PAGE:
Bloc leader says he wants legal opinion on prospect of U.S. trade sanctions over language law

Bloc Québécois Leader Yves-François Blanchet says he will ask for a legal opinion on whether the U.S. government has any legal grounds to impose trade sanctions on Canada in response to Quebec's controversial language law Bill 96.

Speaking to reporters Tuesday, Blanchet said records that show the U.S. Trade Representative's office has discussed possible sanctions don't correspond with what the U.S. State Department has told him during trips to Washington — that while they don't necessarily like Bill 96, American businesses respect Canadian and Quebec law.

"It worries me," Blanchet said. "Before I get carried away publicly, I will ask for a well-documented legal opinion."

Blanchet suggested a lobby group has influenced the U.S. government.

"I understand that there is perhaps a lobby that has been exercised," he said. "I have asked for a legal opinion on the tenor of the trade agreements to see if there really substance for a penalty imposed by the United States on such a basis, which would be a dangerous precedent for the protection of French in Quebec."

Blanchet's comments come after CBC News obtained documents under the U.S. Freedom of Information Act that show U.S government officials have discussed the possibility of trade sanctions against Canada in response to Bill 96.

The documents also reveal that U.S. government officials are being told that the implementation of Bill 96 could result in fewer products being shipped to Canada — not just to Quebec.

The documents show that officials from the U.S. Trade Representative's office have debated whether the legislation — which includes provisions that could affect things like commercial signs, trademarks and labels on products — contravenes trade agreements between Canada and the United States.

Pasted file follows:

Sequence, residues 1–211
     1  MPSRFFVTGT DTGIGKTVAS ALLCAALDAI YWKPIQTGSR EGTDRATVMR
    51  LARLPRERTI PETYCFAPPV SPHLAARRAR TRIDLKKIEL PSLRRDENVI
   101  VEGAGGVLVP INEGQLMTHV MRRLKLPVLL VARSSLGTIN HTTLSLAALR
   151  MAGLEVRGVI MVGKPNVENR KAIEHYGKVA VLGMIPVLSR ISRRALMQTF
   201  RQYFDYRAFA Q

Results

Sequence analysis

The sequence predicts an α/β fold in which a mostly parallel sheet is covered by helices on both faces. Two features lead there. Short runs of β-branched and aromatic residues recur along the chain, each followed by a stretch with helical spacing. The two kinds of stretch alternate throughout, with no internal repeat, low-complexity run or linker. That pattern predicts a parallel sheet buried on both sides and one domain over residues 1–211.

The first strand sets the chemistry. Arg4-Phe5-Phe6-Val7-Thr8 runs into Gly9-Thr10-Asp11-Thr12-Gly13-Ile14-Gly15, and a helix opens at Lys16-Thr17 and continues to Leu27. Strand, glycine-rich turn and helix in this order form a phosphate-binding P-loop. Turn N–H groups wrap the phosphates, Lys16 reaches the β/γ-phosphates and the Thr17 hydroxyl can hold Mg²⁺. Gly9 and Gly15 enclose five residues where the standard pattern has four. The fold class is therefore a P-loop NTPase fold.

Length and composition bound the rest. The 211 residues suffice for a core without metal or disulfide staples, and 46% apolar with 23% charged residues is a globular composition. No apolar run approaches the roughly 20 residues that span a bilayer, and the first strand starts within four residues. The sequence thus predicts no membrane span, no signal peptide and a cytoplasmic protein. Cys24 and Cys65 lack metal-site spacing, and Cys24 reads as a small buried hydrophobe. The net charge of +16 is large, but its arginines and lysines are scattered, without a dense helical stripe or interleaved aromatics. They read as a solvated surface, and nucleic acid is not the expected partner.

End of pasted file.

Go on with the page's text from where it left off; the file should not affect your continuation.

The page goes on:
Officials have discussed, for example, whether the restrictions in Bill 96 could constitute a technical barrier to trade, a breach of trade-related intellectual property rights or a violation of Section 301 of the Trade Act of 1974.

Behind closed doors, the International Trademarks Association industry group has urged the U.S. government to impose trade sanctions on Canada, arguing Bill 96 affects the ability of U.S. companies to sell their products in Quebec.

Other USTR officials, however, questioned whether the provisions of Bill 96 would qualify for sanctions.

The documents, which cover the period from November 2022 to late January 2024, don't say whether USTR officials have reached a conclusion one way or another. The USTR is still engaging with industry groups and companies concerned about Bill 96 and monitoring the situation.

Public Services and Procurement Minister Jean-Yves Duclos  responds to a question during question period in the House of Commons on Parliament Hill in Ottawa on Monday, Feb. 12, 2024. THE CANADIAN PRESS/Sean Kilpatrick
Public Services and Procurement Minister Jean-Yves Duclos says the need to protect the French language in Quebec must be balanced against the need to protect the economy. (Sean Kilpatrick/The Canadian Press)

Speaking to reporters on the way out of a cabinet meeting Tuesday, Public Services and Procurement Minister Jean-Yves Duclos said it's important to both defend the French language and protect the economy.

"Obviously, we also need to eat bread, we need to pay for our groceries at the end of the month. So, economic preoccupations are important for people in the Quebec region," he said. "We are a region that depends a lot on the capacity to export our products and attract foreign investment to Canada and Quebec in particular."

Justice Minister Arif Virani said he is following Bill 96 closely, particularly its use of the notwithstanding clause.

Asked about the concerns expressed by American officials, Virani punted the question to Finance Minister Chrystia Freeland.

"But if there is an impact on the Canadian economy, it is certain that it worries us in general terms," he said.